Facebook announced the new search function in January, which will initially index the social network by people, photos, places and interests. It allows users to make queries on the site such as “who are my friends who like Arctic Monkeys” or “Indian restaurants nearby”.
Marketing Week has spoken to a number of marketing and commercial executives at major brands whose knowledge on Graph Search ranges from “absolutely none” to confusion around how visible their Pages will be in search results – including brands who have strategic partnerships with Facebook to trial new products.
The company did not announce advertising opportunities – such as sponsored results or the ability to target users based on their searches – but it is understood these will be introduced once Graph Search has been live for a few months. At the moment it is in a slow rollout period, predominantly switching on users in the US.
Cordell Lawrence, global community manager at Jack Daniels, voiced his concern about the visibility of its official brand pages compared with the hundreds of other “imposter” unofficial pages when Graph Search becomes mainstream at this year’s Social Media World Forum London. He said Jack Daniels is “constantly bugging” Facebook to ensure those unofficial pages do not show up in search results.
Also speaking at the event was JustGiving’s social and labs product manager Jonathan Waddingham who said despite the company having early access to Graph Search, his team is struggling to work out how it will be relevant to the brand.
Senior executives at social media agencies told Marketing Week there is a “lack of information” coming from Facebook about how brands can best optimise for Graph Search’s launch.
Charles Allen, head of marketing at Arsenal Football Club, says: “In terms of whether Facebook has educated us or even told us about [protecting our IP] and other developments [around Graph Search] the answer is no.”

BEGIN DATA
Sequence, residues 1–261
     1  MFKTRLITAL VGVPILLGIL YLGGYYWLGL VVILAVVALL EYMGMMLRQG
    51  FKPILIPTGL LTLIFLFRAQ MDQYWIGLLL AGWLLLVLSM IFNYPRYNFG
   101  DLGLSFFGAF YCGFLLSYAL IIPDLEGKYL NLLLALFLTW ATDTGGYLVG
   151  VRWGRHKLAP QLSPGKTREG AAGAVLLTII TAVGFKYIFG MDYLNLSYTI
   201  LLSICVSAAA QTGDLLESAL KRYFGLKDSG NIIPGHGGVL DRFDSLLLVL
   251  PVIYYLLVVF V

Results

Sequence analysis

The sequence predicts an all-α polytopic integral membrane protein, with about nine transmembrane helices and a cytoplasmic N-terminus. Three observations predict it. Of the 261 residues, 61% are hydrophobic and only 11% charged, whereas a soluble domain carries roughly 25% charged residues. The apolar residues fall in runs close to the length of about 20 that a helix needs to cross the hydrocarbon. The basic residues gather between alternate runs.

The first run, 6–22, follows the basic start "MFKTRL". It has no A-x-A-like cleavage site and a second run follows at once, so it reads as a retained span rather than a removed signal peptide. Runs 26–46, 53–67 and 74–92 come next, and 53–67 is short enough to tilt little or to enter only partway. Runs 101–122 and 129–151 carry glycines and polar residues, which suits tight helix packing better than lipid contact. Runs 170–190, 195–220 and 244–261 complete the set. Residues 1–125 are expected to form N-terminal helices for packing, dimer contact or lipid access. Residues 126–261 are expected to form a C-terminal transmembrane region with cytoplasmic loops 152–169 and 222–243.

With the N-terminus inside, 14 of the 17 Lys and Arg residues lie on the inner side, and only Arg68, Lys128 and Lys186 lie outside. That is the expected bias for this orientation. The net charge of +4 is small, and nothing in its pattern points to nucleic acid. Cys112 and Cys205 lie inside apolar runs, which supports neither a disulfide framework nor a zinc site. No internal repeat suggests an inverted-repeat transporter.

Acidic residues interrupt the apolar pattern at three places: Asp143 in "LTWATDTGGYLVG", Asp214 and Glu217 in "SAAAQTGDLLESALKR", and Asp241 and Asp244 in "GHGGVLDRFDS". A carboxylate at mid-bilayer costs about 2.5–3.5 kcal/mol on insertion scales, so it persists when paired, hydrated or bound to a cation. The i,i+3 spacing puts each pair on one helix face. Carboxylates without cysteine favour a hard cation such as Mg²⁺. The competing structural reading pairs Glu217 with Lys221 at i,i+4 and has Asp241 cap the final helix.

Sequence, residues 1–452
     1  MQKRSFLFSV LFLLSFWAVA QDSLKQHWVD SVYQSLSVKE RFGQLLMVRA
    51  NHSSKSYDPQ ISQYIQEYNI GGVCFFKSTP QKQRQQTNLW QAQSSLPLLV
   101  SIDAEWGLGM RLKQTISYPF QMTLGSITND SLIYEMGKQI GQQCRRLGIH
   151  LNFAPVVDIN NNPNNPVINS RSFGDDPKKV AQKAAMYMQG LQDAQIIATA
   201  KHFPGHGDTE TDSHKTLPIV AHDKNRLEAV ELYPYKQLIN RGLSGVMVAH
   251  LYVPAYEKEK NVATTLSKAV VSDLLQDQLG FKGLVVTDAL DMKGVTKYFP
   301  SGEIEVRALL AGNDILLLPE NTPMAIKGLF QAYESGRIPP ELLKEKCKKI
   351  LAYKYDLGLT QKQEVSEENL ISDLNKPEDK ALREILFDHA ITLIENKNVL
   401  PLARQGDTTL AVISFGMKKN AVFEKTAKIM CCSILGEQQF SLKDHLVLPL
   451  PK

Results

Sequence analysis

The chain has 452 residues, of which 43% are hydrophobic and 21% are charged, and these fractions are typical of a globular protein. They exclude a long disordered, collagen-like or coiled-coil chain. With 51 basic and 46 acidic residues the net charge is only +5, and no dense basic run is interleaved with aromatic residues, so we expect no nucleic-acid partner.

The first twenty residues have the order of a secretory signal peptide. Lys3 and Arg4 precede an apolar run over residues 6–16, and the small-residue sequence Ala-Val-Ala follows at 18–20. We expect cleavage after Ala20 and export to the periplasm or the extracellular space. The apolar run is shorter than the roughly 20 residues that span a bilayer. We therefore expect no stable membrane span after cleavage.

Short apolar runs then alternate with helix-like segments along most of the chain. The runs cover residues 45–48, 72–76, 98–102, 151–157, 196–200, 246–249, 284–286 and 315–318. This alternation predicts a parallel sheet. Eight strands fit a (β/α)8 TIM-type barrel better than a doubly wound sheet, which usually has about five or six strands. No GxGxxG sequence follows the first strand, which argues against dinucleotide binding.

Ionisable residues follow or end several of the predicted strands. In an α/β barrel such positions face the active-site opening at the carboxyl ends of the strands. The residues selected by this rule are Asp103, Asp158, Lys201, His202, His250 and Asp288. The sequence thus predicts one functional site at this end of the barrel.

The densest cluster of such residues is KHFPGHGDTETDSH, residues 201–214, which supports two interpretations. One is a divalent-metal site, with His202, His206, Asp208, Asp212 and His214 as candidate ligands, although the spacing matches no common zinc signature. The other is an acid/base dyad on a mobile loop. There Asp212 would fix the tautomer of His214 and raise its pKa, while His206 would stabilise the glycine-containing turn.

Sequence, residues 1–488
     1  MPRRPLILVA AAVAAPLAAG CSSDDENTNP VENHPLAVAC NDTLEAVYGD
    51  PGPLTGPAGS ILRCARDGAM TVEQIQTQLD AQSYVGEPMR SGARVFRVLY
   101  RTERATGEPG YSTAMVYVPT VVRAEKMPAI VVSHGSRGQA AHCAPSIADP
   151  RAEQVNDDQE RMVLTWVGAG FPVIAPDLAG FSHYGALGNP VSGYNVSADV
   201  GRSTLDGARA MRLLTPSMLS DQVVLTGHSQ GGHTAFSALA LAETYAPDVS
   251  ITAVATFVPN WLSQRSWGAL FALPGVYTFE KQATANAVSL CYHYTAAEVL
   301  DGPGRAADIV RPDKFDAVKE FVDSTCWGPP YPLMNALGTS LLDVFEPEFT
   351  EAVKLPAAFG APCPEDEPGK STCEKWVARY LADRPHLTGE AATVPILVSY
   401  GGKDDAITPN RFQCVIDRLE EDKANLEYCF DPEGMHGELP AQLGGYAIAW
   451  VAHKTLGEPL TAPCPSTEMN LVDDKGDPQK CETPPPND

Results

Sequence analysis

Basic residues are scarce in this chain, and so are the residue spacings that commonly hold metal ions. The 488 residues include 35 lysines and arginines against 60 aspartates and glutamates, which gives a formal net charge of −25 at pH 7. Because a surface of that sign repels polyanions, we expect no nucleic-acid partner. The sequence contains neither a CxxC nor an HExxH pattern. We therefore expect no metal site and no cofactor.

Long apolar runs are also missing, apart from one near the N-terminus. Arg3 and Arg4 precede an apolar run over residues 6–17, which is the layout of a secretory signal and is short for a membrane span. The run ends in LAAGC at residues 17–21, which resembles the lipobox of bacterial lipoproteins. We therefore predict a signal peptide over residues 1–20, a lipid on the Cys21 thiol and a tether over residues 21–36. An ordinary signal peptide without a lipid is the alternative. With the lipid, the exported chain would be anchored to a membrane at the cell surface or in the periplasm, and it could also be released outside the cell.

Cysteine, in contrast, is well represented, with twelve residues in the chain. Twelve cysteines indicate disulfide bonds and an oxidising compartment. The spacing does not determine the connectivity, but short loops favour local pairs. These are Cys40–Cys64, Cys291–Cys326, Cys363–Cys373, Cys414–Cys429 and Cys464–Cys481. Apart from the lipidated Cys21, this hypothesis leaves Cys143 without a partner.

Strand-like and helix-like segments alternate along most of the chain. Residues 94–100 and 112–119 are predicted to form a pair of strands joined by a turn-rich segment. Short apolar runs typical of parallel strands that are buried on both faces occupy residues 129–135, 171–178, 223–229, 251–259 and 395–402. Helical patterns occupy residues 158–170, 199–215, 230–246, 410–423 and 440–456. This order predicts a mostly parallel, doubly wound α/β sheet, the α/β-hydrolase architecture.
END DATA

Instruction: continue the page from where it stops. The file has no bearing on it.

Dan Cohen, vice president of SEO and social media at Forward Internet Group, which ran its own Graph Search education event for clients last month says brands also may not be prepared for local search – particularly as Graph Search is powered by Bing, which only a small amount of brands currently devote search budget to compared with Google.
Facebook’s pan-European communications manager Iain Mackenzie says brands should not be concerned and it is likely the company will introduce brand education events when it adds advertising tools to Graph Search later down the line.
He added: “When it comes to the stage of evolution where there are significant changes and benefits for advertisers we will let them know. The only thing you have to prepare for now is make sure your page is in order, named correctly, location is correct and your picture are recognisable as your brand.”
Kristin Brewe, chair of the IAB’s social media council, says like Facebook’s other recent changes, Graph Search rewards Page Owners for user engagement – just the same as Google or Bing results – so she encourages brands to continue to experiment with things such as photo contests.
Paul Armstrong, owner of Digital Orange Consulting, says while the size, speed and focus of the Graph Search announcement may have “unnerved brands” but he advises marketers to speak to their Facebook reps as quickly as possible.
“This is not a test, it’s a big part of Facebook’s future,” he adds.